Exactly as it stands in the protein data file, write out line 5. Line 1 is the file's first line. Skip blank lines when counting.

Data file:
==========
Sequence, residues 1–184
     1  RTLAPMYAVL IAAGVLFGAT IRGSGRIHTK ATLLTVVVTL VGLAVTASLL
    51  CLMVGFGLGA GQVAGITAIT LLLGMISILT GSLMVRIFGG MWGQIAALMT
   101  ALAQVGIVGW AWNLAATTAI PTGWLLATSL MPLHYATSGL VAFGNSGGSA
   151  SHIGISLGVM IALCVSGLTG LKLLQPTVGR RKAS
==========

   151  SHIGISLGVM IALCVSGLTG LKLLQPTVGR RKAS